Would you be angry? jealous? quit? ask for a raise? motivated to work harder?
Just kidding about that last one…
A new study shows, among other things, that employees tend to underestimate their bosses’ compensation, but that they work harder when they find out that their bosses make more than they had guessed.
The researchers found that employees who learned that their bosses’ salaries were higher than they expected would spend more time in the office, send more emails and increase their sales numbers. In an interesting twist, the larger the salary misperception was, the more productive the employee was likely to become. But let’s put “more time” in perspective. According to the paper, employees who find that their boss’s salary is 10% more than they had imagined will spend about five more minutes in the office a day.
The researchers found it surprising that employees are motivated rather than embittered by their bosses’ higher salaries. The reason, according to the researchers, is that the higher salary is aspirational—employees have an extra incentive to work hard so they can be promoted and perhaps one day make their bosses’ pay.
However, the same research study found that when employees discover that their peers make more than they do, they tend to slack off. Employees who discovered that their co-workers were better paid than they were paid were less productive. Such results are consistent with prior studies. I guess no one likes finding out that your co-workers make more than you do, and react negatively upon learning such news..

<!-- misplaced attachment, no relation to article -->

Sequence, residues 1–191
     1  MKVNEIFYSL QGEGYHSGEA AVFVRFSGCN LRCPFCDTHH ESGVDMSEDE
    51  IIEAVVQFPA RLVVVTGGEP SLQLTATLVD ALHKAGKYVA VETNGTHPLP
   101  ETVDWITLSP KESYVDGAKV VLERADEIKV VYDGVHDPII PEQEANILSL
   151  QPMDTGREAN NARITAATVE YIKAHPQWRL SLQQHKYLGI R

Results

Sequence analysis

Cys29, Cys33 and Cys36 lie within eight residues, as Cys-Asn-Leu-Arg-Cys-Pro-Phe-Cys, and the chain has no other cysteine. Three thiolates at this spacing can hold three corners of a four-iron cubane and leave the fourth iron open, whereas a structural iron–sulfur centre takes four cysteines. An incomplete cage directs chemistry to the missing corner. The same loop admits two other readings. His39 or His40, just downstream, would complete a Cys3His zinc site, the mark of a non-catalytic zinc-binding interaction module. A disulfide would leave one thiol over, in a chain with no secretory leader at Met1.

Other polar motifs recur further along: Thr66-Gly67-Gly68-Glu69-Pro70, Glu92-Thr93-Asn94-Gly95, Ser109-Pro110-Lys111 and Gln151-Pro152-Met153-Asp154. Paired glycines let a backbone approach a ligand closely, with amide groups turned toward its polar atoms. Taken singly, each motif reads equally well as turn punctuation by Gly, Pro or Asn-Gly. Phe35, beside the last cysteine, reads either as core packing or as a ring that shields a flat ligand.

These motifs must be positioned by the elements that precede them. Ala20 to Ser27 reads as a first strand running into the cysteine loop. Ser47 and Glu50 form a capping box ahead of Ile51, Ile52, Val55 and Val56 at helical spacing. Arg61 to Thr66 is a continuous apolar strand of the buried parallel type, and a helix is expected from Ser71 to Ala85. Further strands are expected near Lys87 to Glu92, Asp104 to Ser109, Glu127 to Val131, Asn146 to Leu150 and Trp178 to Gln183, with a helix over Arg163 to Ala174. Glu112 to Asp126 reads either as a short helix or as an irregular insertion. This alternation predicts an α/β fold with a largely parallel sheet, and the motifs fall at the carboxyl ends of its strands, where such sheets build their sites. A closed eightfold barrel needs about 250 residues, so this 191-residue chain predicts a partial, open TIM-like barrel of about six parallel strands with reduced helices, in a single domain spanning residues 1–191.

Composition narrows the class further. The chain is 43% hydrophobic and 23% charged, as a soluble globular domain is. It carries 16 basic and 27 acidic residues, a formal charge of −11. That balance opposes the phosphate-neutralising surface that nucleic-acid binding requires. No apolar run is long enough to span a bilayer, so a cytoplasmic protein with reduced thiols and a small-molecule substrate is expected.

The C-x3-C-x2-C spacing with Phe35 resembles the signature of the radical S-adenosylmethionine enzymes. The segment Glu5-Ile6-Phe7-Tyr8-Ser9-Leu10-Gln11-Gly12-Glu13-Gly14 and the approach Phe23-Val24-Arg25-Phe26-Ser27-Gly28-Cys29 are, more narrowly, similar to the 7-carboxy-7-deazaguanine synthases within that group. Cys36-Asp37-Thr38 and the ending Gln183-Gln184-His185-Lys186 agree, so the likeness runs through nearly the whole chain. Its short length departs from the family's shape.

Assuming that your company has a generous compensation package, then one of the takeaways from this study is that upper management should be more transparent about what their compensation is, since it could be a motivational tool for junior employees.
I was not able to find anything about what happens to productivity if you find out your boss is making less than you thought. I guess if the results are consistent, then you would expect that a lower than expected salary for a boss would decrease the productivity of those that report to the boss.
Another takeaway seems to be that all managers now have a powerful negotiating tool at their disposal when it comes to salary discussions.
When it’s time to discuss your salary for the following year, just tell your boss, “pay me more than you think my employees might guess I earn. By doing so, my employees’ productivity will increase. Such a productivity increase will more than make up for my increased salary.”
Your boss might wonder what you’re talking about. If that’s the case, here’s the link to the 50-page research study to support your claim.
Who could argue with that sort of evidence?